Trends & Innovation (Analyzing Trends Lecture Series)
In this next installment of the Slideshare lecture series, we will be looking at how trend analysis can effectively impact innovation. There are cognitive deficits that hold businesses back from framing the future correctly. We get caught by our own ego and inability to adapt to the changes around us.
As Theodore Levitt said, “People don’t want quarter-inch drills, they want quarter inch holes.” Innovation gets caught in stuff over people. It often misses that its role is to provide vision and to imagine markets that are not completely articulated yet. Trend analysis can be invaluable in finding that vision earlier and with a clearer sense of how to apply it within the framework of the business. We need to move beyond commoditizing the cultural information we gather and start understanding it more deeply to change how we go about making things that matter. The key is in seeing culture as a dynamic system.
Steven Johnson covers this idea of the connectedness of context and innovations in his book How We Got to Now. Johnson writes:
“Our lives are surrounded and supported by a whole class of objects that are enchanted with the ideas and creativity of thousands of people who came before us: inventors and hobbyists and reformers who steadily hacked away at the problem of making artificial light or clean drinking water so that we can enjoy those luxuries today without a second thought, without even thinking of them as luxuries in the first place…”
We need an approach to innovation that taps into this potential. One that fully realizes the conspiring potential of discrete groups of people building on the products and services we seek to build and improve over time. We need to place our innovation in the context of society and model the future towards impactful and sustainable behavior.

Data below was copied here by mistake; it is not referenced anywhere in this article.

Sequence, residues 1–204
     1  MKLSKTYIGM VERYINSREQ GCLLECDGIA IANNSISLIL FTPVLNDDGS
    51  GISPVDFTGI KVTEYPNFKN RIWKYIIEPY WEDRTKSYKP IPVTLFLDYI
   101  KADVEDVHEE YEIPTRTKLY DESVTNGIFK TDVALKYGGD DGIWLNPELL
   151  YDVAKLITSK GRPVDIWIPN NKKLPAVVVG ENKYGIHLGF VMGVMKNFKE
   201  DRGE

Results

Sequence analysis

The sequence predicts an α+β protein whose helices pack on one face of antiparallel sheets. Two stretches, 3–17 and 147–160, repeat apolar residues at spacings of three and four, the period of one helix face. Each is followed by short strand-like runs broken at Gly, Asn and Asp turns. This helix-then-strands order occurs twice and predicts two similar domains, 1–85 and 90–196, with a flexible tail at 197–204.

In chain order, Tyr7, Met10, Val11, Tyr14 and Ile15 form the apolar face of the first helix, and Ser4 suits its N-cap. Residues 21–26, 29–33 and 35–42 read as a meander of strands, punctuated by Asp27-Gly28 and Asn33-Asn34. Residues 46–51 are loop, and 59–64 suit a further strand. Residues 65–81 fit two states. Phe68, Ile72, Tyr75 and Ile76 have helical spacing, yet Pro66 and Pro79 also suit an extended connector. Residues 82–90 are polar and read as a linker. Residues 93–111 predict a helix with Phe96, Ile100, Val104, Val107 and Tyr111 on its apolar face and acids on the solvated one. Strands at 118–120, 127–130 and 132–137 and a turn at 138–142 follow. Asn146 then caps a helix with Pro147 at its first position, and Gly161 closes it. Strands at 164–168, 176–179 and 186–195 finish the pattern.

Trend analysis is central to solving these problems. The question is whether we are effectively predicting futures based on the human codes that are at work. We need to get good at reading the language of our world to see how people are adapting with and without us. We need to building to the technology and start building to the human. Humans are not machines. If we underestimate their response we usually fail.
In this installment, I review the framework of innovation and culture mapping (slides 2–24). I also review three categories: the future of fast fashion (slides 25–57), the future of cars (slides 58–82), and the future of fast food (Slides 83–102).
You can find more on this lecture series here.
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